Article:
It is illuminating to look at matrix representations of digital filters.^{F.1}Every linear digital filter can be expressed as a constant matrix multiplying the input signal (the input vector) to produce the output signal (vector) , i.e.,
For simplicity (in this appendix only), we will restrict attention to finite-length inputs (to avoid infinite matrices), and the output signal will also be length . Thus, the filter matrix is a square matrix, and the input/output signal vectors are column vectors.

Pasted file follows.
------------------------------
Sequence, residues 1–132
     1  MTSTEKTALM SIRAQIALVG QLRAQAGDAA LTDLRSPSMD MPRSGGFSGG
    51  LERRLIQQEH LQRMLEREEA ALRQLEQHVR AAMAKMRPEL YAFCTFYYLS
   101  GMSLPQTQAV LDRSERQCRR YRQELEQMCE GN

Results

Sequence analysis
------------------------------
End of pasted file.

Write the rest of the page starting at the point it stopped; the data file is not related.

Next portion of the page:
More generally, any finite-order linear operator can be expressed as a matrix multiply. For example, the Discrete Fourier Transform (DFT) can be represented by the ``DFT matrix'' , where the column index and row index range from 0 to [84, p. 111].^{F.2}Even infinite-order linear operators are often thought of as matrices having infinite extent. In summary, if a digital filter is linear, it can be represented by a matrix.